|One of the first tasks of a new missionary is that of learning the language. Malay is not supposed to be difficult, and some say that they can pick it up easily. But these rarely attempt to preach or pray in Malay.
My own difficulty was that I read and studied High Malay with a very fine teacher, Inchi Ismael, who used classical Malay and would not descend to anything else. But when, with my little interpreter, I visited a Chinese home, where a woman, sitting on a handsome ebony couch, with her betel box beside her, would spread her serai leaf with prepared lime, put in a good sized pinch of tobacco and some betel nut, and place the wad in the corner of her mouth as she started to talk, her Malay did not at all sound like the dulcet-toned syllables of Inchi Ismael. However, after a time, I began to recognize what I called my “catechism,” for it was the same in nearly every house. At first my interpreter would answer for me; then I began to make my own responses. The first question was always “Where did she come from?” Next, “Is she married?” followed by “How old is she?” Then, with surprise, “If she is as old as that, why didn’t her mother get her married?”
A further difficulty arose out of the different methods of Romanizing Malay in those days. There were Mr. Keasbury’s books, including his version of the New Testament which we used. There was the Government spelling, used in the hymnbook of Mr. Phillips, out of which we sang. Then some of the books used for examination were in the Dutch spelling. Now that the Mission has adopted a style of its own, and our books conform to its rules, it is easier to become a good speller in Romanized Malay.
In our little day school in the shop house in Short Street, we soon organized a Sunday School, which met on Sunday afternoon. Our dear little girls were just as ready to come to this as to the day school. Miss Hagerdorn, too, was most faithful in attendance. The children had a short Bible story, and learned to sing hymns and to say simple prayers. Their teacher was my interpreter, but one Sunday afternoon she could not come. I tried to prepare the lesson myself and had some blackboard diagrams ready, but my limited knowledge of Malay made me rather fearful of results. However, I had to do the best I could. The lesson was on “The broad way and the narrow way.” The pupils wanted to understand, and they helped all they could by their careful attention and sympathetic interest. The next day they told their teacher what I had taught them, and said, “We would like to follow what Missi taught us, but how can we come to school if we cannot walk in the street, for it is broad?”
At another time I spoke at a meeting in a private house on a Wesnesday morning. I had walked up and down my room, learning my little talk and looking up in the vocabulary words I did not know. It was a very simple little talk, and in due time I fired it off at the patient half a dozen women who had gathered to listen to me in respectful silence, but something I said was such a dreadful mistake that one woman broke the tension by bursting out into a merry laugh.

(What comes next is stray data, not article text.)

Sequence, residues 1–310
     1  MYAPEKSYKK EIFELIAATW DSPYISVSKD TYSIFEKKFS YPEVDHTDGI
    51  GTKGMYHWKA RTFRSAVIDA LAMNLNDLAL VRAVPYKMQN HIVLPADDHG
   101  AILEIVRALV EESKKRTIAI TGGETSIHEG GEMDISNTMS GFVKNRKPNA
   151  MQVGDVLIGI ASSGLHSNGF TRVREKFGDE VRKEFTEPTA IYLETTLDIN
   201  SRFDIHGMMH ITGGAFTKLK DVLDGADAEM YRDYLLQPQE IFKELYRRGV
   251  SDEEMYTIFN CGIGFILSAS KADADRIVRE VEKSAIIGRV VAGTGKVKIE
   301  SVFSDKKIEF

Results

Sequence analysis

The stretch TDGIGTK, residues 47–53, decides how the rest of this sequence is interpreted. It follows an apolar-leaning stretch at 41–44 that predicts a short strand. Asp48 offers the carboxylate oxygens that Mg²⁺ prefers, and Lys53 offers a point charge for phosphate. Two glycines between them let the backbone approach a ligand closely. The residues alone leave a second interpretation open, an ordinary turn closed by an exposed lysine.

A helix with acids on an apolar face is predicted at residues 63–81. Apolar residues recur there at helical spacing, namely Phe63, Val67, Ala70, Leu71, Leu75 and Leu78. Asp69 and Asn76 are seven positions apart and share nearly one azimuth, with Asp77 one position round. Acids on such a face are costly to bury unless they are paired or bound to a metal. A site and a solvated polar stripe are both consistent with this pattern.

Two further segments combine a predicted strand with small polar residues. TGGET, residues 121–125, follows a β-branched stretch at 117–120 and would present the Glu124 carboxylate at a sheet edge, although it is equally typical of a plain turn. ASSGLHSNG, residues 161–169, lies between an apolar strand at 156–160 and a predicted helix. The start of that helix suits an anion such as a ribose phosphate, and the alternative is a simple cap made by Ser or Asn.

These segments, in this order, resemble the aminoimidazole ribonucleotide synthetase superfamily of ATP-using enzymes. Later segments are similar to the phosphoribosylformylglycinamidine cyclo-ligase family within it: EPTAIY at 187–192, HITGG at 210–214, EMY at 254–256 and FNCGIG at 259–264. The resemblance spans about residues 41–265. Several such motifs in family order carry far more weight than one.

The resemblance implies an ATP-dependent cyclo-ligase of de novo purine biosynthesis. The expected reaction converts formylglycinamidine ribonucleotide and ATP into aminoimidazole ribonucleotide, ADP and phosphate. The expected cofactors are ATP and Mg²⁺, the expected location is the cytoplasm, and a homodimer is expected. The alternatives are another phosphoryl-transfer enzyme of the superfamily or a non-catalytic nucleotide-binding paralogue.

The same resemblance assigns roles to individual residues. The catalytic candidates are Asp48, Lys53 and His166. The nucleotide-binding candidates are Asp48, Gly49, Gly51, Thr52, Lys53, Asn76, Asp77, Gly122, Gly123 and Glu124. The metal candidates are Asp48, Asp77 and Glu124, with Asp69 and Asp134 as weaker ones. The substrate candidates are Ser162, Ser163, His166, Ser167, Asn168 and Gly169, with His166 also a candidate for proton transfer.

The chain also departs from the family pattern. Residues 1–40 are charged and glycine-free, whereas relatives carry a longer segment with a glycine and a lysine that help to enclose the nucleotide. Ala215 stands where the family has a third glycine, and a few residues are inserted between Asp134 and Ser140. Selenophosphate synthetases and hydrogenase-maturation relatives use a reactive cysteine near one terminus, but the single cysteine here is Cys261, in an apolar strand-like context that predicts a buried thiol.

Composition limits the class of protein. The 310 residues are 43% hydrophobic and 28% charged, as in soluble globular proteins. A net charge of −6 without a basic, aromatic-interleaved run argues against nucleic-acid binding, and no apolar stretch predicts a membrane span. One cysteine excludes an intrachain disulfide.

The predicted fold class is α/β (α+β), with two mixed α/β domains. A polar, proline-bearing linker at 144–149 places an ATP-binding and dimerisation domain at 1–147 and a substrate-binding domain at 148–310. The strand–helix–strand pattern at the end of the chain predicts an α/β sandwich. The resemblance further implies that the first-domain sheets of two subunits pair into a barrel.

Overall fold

In the early days I found many kinds helpers, – women who left their household duties to come out with me in the mornings to act as my interpreters. To them I owe more than I realized then. They gave me their time without reward. One little women, Mrs. Jansen, whose husband came to our English services and was in charge of the Sailors’ Rest that Miss Cook superintended, was always ready to come with me.
She was a shy little body, and I am sure it was not easy for her. Then there was a Christian Chinese nonya, whose husband also came to our services. Her little son, three or four years of age, a lad with head partly shaved and two little plats sticking up straight on each side with scarlet wool braided into them, had to come along too. At other times I was accompanied by the mother of a large family, whose daughter has been my friend and the matron in Nind Home for years.
One day I went to Miss Ryan, of the Church of England Chinese Girls’ School, and told her some of the difficulties which I encountered in my visiting. Being such an experienced missionary and visitor, she could and did help me. I remember telling her I would like to pray in Malay, but did not know how. She kindly wrote out a simple prayer in Malay, which I used to read until I learned to say it without the paper. Afterwards I extended it by adding some petitions of my own.
How many missionaries have spoken of the difficulties of their first year on the field! I remember that I felt like a child sewing without a knot in her thread, pulling it futilely in and out. I wondered if the time would ever come when something would be accomplished. We should not forget the helplessness of our own early days, and be ready to sympathize with new workers and help those who, in their first year, are undergoing the difficulties that arise from new surroundings, a trying climate, and the intricacies of a strange language.
I have before me some old letters, that I wrote thirty years ago, and which my mother preserved. In one of them I have written: “I am so glad that I am getting to know my way about Singapore. It is not an easy thing to come to a strange place to open up new work in a strange language. I heartily sympathize with myself; nevertheless, the Lord has truly been my helper, and I can raise my Ebenezer for the first three months of help and blessing.”
The Malaysia Message
Vol. 27 No. 9